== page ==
|Percent of Financial Crisis Stories|
|Overall Financial Crisis||26.1|
|Effects on Avg. Americans||5.5|
|Who is to Balme||2.8|
34%—Coverage of the economic crisis related to presidential candidates
The week of Sept. 15-21 brought dramatic news of a potential meltdown of the nation’s economy. The collapse of Lehman Brothers, the buyout of Merrill Lynch and the bailout of AIG revealed that the credit crisis was spinning out of control. In response, the Bush Administration announced a $700 billion bailout plan designed to secure financial institutions and buy mortgage- backed debt weighing down the economy.
Given this complex, multi-faceted event, several storylines emerged in the press last week. And none was more prominent than the impact on the 2008 presidential race. According to PEJ’s News Coverage Index for Sept. 15-21, the single biggest theme was Barack Obama’s and John McCain’s response to the crisis. That accounted for one-third of the stories (33.8%) about the economic meltdown.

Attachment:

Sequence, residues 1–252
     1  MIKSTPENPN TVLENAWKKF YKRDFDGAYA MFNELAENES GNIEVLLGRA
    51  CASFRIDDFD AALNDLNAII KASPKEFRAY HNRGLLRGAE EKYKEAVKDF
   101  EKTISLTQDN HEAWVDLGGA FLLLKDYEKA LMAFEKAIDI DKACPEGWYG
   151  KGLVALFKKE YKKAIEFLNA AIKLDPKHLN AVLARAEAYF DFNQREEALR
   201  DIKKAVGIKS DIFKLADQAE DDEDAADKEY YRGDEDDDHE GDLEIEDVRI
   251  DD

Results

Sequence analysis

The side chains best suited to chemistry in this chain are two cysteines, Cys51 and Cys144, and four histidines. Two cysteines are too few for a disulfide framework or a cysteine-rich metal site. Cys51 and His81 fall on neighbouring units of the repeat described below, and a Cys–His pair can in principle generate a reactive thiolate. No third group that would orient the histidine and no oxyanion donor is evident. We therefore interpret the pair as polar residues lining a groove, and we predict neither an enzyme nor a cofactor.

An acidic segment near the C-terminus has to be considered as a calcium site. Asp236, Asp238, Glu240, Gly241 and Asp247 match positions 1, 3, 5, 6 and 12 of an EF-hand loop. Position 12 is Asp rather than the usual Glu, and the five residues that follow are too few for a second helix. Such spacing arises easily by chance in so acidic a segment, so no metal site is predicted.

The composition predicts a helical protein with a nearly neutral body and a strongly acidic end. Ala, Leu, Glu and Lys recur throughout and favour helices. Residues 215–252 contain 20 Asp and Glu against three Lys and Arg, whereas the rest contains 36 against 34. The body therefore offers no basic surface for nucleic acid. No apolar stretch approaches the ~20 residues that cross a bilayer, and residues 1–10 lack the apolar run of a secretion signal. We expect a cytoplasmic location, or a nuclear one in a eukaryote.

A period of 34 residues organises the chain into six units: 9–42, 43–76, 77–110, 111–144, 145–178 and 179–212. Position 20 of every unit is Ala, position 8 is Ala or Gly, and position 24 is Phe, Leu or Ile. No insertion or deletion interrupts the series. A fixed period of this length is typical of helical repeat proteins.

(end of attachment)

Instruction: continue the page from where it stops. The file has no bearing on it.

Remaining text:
But there were other narratives that also generated significant attention. Stories about how the crisis began and its broader impact on the economy accounted for about a quarter (26.1%) of last week’s economic coverage. Attention to the AIG bailout came next, at 10.8%, and the collapse of Lehman Brothers was at 7.2%. The impact on average Americans accounted for 5.5% and the wild fluctuations of the market were next, at 4.7%. One storyline that may get more attention as lawmakers tackle a bailout plan, the question of who is to blame for the crisis, registered at 3% of the stories last week.
Tricia Sartor and Dana Page of PEJ